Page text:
There are some who insist that the SWJ article merely challenges us to think “outside the box” about quelling an insurgency in the United States. If so, why didn’t the authors choose as the adversary a group that has already publicly demanded a change in the form of government? Like the Islamic Extremists who want Sharia Law in the United States? Or the Weather Underground? The New Black Panther Party? However, they did not. They chose the current and law-abiding political opposition. Shame on them.
The notion of portraying law-abiding citizens as national enemies should always be cause for alarm. Always. Vigilance in this regard must be constant. Those of us who grew up in a world of big and small totalitarianism know what awaits us at the end of that road if we are not vigilant. A healthy suspicion of the motives and intent of both politicians and the Federal government is a consistent theme throughout our nation’s history. We have fought wars over the issue. Army doctrine or no Army doctrine, such healthy suspicion should always remain.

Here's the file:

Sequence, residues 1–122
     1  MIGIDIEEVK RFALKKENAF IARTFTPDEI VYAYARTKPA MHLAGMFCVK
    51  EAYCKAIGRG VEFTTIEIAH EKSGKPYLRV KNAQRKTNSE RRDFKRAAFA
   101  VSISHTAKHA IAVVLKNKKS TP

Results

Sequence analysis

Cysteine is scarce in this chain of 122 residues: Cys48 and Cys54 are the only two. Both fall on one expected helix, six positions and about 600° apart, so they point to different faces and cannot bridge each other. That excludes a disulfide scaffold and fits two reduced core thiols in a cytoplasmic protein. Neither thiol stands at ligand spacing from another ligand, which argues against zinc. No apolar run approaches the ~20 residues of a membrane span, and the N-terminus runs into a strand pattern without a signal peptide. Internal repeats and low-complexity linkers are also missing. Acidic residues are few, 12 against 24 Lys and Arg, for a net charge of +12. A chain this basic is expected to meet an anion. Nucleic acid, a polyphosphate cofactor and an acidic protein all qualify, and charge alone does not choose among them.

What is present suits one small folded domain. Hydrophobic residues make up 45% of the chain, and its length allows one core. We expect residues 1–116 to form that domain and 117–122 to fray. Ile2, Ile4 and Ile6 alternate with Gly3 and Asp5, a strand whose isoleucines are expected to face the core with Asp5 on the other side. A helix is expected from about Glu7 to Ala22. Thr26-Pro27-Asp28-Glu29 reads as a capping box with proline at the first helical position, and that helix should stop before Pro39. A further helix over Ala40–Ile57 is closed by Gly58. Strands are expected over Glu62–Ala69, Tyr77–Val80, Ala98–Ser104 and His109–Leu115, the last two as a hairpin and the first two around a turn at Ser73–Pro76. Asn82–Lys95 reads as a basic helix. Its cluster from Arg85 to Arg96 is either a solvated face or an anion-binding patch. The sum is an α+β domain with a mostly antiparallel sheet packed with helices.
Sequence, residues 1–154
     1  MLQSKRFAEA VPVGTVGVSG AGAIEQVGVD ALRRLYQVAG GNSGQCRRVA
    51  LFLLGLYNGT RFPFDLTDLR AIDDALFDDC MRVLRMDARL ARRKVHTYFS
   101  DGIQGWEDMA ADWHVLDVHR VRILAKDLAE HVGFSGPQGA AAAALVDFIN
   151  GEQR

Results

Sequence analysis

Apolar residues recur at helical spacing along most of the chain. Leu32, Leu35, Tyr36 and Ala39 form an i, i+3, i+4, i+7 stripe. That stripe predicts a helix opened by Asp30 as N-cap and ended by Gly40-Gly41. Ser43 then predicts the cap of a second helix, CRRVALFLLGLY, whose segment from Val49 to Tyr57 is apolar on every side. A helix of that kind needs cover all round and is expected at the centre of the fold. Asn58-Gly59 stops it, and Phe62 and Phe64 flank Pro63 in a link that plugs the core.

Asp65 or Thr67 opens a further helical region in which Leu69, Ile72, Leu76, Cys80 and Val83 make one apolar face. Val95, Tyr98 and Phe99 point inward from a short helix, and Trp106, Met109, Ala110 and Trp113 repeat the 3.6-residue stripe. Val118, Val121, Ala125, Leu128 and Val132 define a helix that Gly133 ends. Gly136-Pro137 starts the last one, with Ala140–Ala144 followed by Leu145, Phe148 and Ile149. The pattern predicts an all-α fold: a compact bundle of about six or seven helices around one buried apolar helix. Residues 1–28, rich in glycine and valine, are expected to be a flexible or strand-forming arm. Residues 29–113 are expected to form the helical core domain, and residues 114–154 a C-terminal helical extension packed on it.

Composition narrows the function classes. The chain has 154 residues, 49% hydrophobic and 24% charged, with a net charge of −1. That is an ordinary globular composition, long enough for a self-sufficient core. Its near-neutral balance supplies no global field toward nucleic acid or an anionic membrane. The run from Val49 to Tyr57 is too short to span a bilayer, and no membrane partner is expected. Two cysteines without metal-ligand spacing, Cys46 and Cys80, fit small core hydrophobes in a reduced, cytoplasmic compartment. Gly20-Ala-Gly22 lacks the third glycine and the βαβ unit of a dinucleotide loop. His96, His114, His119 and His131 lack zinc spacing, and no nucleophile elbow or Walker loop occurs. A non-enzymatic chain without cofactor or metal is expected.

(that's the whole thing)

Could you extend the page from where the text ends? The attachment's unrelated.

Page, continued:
The concept of facilitating the use of our military on US soil against American citizens should never be one we get used to. Nor should it be easily done. On the contrary, it should be damned difficult, nearly impossible in fact, and contemplated only in the gravest of situations against an existential threat. Plenty of capability exists; local law enforcement, county, state, and federal police. Governors have fully-equipped National Guard forces that may be rightfully employed at their direction and authority under Title 32. If, and only if, those assets are inadequate, should discussion even begin about “Full-Spectrum Operations” on US soil. Our military should be a bulwark of our liberty, and not a threat to it.
Paine’s assertion is as true today as it was in 1776.
“Society in all its forms is a blessing. Government is, at best, a necessary evil.”